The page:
City of Vancouver, TransLink readying for snow

With freezing temperatures and the possibility of between five and 10 centimetres of snow in the forecast, the city of Vancouver wants residents to know it is ready.

In an information bulletin sent out Thursday morning, the city said crews have been out brining and salting “priority response locations” and are prepared to start salting and plowing roads if the forecasted flurries materialize

“The extent of snowfall accumulations in Vancouver remains uncertain for tonight and over the next few days, but staff and equipment have been readied for 24-hour deployment[1] if required,” the bulletin reads.

If it snows, priorities for plowing include arterial roads, bus routes, bridges, emergency routes, school routes and priority bike lanes.

“We also prioritize bus stops, arterial corner ramps and pedestrian pathways along the seawall and Arbutus Greenway.”

The city also had some strong recommendations for drivers — take weather and road conditions into account, and use winter tires that display the three-peaked mountain and snowflakes symbol, or the mud and snow (M+S) symbol, with at least 3.5 millimetres of tread.

As always, residents and business owners are reminded that they play a big role in ensuring snow and ice doesn’t become hazardous, especially for those with mobility challenges.

All property owners and occupants must clear snow and ice from sidewalks around their property by 10 a.m. the morning after a snowfall, seven days a week.

“It’s important that snow is cleared promptly from walkways and sidewalks before it hardens to ice.”

Residents who are unable to clear the sidewalks around their property, and have no other alternatives, are encouraged to sign up for the city’s Snow Angel program, which connects volunteers with seniors and people with mobility issues to help clear their sidewalks following a snowfall.

Matt MacDonald, a meteorologist with Environment Canada, spoke to Vancouver Is Awesome about what locals should expect over the coming week[2]

“We will be struggling to get up to 3°C over the next few days,” MacDonald said. “But true arctic air will reach the coast on Sunday.”

MacDonald reports that temperatures could dip as low as -10°C Monday, with a chilly daytime high of -1°C. Further, blustery winds will make temperatures feel decidedly colder. 

“Monday and Tuesday will see some strong easterly winds move through the Fraser Valley,” he explains.

MacDonald adds that blustery 40 km/h winds can make -9°C or -10°C temperatures feel as cold as -20.

With temperatures expected to dip into that sub-zero territory in the coming days, the city is also planning on opening warming centres and additional shelter spaces for people sleeping outside.

Powell Street Gateway, which is next to Oppenheimer Park, is already open and will remain open every night until Jan. 15.

Warming centre locations include:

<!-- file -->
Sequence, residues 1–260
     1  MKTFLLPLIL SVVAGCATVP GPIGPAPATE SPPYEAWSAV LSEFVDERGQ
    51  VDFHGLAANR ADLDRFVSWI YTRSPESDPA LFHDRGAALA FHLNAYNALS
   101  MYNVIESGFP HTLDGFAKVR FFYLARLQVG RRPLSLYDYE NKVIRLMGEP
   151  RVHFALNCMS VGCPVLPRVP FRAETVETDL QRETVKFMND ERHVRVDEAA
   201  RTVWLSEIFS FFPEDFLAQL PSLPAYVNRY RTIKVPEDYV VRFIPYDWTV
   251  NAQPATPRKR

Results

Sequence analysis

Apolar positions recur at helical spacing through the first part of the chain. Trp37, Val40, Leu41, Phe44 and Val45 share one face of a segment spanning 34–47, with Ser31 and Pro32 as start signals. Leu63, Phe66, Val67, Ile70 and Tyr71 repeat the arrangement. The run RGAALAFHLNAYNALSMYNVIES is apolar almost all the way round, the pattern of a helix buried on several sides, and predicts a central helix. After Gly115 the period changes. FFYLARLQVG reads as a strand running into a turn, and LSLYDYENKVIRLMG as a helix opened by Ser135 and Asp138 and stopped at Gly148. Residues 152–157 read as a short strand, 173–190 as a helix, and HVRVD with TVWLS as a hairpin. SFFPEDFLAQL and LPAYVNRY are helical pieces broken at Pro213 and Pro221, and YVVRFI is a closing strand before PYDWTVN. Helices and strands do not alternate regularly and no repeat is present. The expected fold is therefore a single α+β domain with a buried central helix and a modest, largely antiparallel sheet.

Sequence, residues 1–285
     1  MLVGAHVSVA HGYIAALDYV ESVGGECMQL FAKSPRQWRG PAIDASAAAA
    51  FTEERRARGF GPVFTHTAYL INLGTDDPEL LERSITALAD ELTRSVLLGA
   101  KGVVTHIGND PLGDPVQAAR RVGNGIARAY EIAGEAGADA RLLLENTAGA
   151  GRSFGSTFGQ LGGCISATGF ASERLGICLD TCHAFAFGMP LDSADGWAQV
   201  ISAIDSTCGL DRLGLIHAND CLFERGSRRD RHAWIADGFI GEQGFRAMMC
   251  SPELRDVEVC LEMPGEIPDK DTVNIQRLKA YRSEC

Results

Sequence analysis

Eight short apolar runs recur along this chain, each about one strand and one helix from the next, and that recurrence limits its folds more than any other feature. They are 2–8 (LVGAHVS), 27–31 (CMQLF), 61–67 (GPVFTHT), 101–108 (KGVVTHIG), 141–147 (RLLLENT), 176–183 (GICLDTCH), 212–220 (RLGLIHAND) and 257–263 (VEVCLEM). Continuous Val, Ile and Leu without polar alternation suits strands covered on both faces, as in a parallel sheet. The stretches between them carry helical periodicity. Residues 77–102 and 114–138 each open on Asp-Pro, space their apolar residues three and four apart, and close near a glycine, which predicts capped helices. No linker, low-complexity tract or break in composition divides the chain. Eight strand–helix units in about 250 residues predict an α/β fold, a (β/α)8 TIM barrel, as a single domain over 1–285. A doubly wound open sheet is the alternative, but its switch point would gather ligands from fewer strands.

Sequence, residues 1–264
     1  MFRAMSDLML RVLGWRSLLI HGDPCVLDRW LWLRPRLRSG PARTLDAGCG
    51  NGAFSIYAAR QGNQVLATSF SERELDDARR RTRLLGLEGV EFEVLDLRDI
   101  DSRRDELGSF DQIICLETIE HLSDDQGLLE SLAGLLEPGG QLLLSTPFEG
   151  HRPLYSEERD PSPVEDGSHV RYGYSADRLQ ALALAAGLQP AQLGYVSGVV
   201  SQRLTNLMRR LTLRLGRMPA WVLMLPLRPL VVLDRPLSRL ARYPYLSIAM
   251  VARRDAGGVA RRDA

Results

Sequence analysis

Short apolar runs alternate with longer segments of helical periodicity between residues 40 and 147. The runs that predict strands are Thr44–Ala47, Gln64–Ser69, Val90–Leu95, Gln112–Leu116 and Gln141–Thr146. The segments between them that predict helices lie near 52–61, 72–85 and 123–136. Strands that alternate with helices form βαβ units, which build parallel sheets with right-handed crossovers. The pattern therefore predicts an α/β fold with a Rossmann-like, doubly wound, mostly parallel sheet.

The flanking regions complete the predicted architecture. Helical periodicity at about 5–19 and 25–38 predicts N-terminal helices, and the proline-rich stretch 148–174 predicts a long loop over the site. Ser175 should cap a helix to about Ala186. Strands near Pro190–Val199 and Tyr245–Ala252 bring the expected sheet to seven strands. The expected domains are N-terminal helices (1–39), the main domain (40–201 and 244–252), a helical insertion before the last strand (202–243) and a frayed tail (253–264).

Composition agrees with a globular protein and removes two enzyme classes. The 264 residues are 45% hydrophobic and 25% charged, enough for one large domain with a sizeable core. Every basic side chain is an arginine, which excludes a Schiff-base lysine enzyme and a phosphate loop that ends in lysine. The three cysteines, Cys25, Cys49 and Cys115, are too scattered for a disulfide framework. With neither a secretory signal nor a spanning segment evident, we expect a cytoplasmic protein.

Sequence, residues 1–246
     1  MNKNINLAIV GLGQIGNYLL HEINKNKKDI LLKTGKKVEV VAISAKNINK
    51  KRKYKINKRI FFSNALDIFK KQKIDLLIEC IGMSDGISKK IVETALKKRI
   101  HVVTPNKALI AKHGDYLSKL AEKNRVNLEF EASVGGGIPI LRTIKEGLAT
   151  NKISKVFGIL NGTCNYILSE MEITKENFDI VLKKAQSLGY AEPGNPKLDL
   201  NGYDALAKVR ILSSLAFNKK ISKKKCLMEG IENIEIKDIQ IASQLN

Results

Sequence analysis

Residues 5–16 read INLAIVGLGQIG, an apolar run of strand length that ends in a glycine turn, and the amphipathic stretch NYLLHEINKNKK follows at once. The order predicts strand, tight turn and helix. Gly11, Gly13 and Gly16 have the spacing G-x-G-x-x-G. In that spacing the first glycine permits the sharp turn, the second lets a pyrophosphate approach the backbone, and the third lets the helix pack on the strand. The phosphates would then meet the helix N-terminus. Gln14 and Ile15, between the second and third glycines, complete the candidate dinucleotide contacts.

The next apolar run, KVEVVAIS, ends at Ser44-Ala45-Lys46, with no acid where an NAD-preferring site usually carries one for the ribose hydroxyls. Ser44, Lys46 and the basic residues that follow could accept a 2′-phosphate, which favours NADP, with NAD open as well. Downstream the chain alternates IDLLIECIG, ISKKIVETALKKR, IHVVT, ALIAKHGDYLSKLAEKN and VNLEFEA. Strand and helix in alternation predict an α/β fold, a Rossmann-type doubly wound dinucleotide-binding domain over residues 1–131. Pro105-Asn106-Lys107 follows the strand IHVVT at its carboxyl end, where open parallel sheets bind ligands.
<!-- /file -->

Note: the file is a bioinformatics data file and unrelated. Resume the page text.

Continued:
Jan. 12 – 14

Britannia Community Centre (Hours: 9 p.m. to 8:30 am)

Vancouver Aquatic Centre (Hours: 10 p.m. to 6 a.m.)

Overdose Prevention Society (Hours: 11 p.m. to 8 a.m.)

Jan. 15

Britannia Community Centre (Hours: 9 p.m. to 8:30 a.m.)

Overdose Prevention Society (Hours: 11 p.m. to 8 a.m.)

According to the city, since the start of winter weather, warming centres have been open on 22 nights and have been visited 2,597 times.

All are welcome and people can bring their carts and pets. People with their own bedding may choose to sleep at the centres and hot drinks and snacks are available.

The city’s extreme weather response shelters will also remain open until Jan. 15.

Transit plan

With the likelihood of rain overnight and snow in the early morning hours, TransLink is readying for a potentially messy morning commute.

“This sequence of precipitation will not allow for early salting and sanding as the materials will wash away before snow hits,” the transit authority said in a press release. “We are encouraging customers to dress for the elements and use proper footwear to avoid slips and falls.”

In anticipation of snow, TransLink says it is:

  • Calling in extra staff to assist customers and coordinate service.
  • Coordinating with municipalities on snow clearing if priority routes are impacted.
  • Coupling Millennium Line trains into four-car configurations to increase capacity while SkyTrain attendants monitor guideways.
  • Deploying special trucks to spread anti-icing solution on trolley wires.
  • Stalling brass “cutters” on some trolley buses to cut through ice on trolley wires.

If conditions are severe, TransLink says it will:

  • Replace articulated buses with 40-foot conventional buses when necessary, as they are more agile on steep, slippery areas.
  • Install tire socks on buses on Burnaby Mountain and on key North Shore routes where hills and traction are an issue.
  • Position attendants at the front of each Expo and Millennium Lines train to improve reliability on the system by limiting emergency braking triggered by heavy snowfall.
  • Run a special SkyTrain that sprays de-icer on the power rail to keep trains moving.
  • Run trains through the night if snow is especially heavy, to keep tracks clear.
  • Send HandyDART out with two staff per vehicle, to ensure customers get safely to their door, and assist in digging out the bus if required.
  • Activate further staff increases to assist customers right across the system.

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